Deforestation. Soil depletion. Food waste. Food insecurity. Our current food system is facing a number of complex challenges. The philosophy of ‘buen vivir’ might just be the answer we need to solve many of them.
Rooted in the world view of the Quechua people of the Andean highlands in South America, ‘buen vivir’ is a biocentric, holistic approach to development. The closest English translation of buen vivir – or ‘sumak kawsay’ in Quechua – would be ‘good living’ or ‘well living’. The buen vivir philosophy focuses on the wellbeing of people in the social context of their community and the environmental situation of that community.
The emphasis on the collective wellbeing rather than that of an individual is crucial and distinguishes buen vivir from most Western, individualized concepts of development. Buen vivir is community-centric, ecologically-balanced and culturally-sensitive. A far cry from how our global food system is currently organized. Applying the principles of buen vivir to the way we feed ourselves opens the door to fresh perspectives on how to build a future proof food system.
Producing food in harmony with nature
Within the philosophy of buen vivir, humanity and nature aren’t separate entities, but intertwined and interdependent. Bringing back food production to our cities allows us to restore the lost relationship between humanity and nature. When we rediscover where our food is coming from and what it takes to grow our fruits and vegetables, we will take better care of it. Initiatives such as regenerative urban farms and urban food forests allow us to cultivate and care for what we eat. Urban food production not only enables us to reconnect with our food, it also enhances biodiversity, cuts food waste throughout the chain and reduces the carbon footprint of transportation, all beneficial to the living world we are part of.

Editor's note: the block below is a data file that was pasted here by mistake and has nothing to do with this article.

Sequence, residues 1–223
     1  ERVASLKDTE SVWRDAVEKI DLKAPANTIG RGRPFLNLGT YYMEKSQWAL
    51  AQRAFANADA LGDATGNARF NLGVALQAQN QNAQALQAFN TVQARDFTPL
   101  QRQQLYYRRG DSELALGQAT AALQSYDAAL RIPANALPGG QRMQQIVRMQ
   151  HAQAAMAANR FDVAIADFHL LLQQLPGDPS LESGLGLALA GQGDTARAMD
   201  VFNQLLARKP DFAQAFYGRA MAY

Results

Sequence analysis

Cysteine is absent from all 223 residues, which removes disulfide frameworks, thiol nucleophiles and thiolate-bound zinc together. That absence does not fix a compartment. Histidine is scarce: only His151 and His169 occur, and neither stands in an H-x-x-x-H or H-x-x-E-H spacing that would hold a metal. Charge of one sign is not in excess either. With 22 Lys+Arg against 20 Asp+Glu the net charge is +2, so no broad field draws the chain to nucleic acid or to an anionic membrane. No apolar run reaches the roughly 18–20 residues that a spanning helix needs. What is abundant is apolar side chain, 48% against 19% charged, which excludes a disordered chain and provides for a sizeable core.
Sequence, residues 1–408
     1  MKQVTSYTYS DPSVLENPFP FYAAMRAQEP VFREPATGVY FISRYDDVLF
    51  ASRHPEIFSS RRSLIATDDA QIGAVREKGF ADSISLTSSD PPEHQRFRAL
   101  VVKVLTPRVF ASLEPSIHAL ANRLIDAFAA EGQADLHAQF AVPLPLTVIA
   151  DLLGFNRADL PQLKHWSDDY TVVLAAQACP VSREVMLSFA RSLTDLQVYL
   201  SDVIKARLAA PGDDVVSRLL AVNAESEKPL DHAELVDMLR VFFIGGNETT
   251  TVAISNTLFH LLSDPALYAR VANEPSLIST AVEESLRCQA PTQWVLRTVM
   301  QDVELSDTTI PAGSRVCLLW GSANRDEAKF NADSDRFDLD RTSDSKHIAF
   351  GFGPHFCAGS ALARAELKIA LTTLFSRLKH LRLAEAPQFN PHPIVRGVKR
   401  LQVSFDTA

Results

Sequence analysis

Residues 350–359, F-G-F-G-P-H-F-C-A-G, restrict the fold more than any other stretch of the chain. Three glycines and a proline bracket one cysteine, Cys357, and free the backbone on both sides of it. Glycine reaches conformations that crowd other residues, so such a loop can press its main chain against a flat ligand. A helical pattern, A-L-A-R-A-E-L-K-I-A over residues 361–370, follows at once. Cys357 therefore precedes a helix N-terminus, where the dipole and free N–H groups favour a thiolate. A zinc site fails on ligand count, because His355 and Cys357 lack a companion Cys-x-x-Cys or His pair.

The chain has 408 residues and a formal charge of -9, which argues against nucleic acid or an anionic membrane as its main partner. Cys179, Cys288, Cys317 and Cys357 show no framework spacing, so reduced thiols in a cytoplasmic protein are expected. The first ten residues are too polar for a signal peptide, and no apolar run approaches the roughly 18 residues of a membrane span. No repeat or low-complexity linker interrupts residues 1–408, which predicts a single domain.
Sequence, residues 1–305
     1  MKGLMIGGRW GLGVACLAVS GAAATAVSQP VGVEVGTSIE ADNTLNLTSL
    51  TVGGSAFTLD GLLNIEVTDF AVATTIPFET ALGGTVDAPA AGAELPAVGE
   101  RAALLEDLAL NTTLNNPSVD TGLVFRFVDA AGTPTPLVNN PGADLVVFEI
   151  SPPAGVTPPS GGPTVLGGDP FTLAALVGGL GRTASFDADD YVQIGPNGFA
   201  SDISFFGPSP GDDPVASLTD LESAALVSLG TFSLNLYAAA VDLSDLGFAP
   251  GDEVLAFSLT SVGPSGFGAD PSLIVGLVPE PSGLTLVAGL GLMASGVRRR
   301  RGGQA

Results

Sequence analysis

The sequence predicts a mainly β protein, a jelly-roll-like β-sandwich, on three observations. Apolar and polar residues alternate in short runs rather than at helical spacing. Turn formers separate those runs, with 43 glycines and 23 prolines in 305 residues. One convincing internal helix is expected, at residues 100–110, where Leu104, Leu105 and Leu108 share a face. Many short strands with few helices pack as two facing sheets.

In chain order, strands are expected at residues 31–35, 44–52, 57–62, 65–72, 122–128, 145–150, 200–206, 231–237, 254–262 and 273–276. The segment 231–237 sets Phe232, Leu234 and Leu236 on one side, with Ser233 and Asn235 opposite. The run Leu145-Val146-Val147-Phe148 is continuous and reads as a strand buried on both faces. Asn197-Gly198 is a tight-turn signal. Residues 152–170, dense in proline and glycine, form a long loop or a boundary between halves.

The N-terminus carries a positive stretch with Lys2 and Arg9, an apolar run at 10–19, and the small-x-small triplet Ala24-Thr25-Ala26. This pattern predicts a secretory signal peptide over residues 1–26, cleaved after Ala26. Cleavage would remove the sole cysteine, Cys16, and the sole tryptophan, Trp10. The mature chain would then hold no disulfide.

A sense of the collective
Buen vivir is not about living in harmony with nature as an individual. It’s about people living well together in a community, different communities living well together and individuals and communities living well with nature. Urban food production has the potential to make communities thrive within the boundaries of nature. It brings people together in community gardens, fights food insecurity and creates inclusive job opportunities for those who need it most. Buen vivir could also play an important role in reshaping the way urban planners think about allocating space. Instead of allocating urban areas to yet another big supermarket, these spaces can be reserved for a market where communities can sell their local and regional produce.
Small is beautiful
As opposed to the ‘big is beautiful’ approach of industrial agriculture, buen vivir celebrates small scale production. The thought is that smaller scale production closer to home better reflects and enhances local culture and serves the needs of the locals by including them in the food production process and by protecting their local environment.
Buen vivir doesn’t aim to go back to ancestral times, as some would argue. Nor is it a rigid blueprint for change. Rather than that, we should embrace it as a stepping-stone for a shift towards a food system where both humanity and nature can thrive and flourish.
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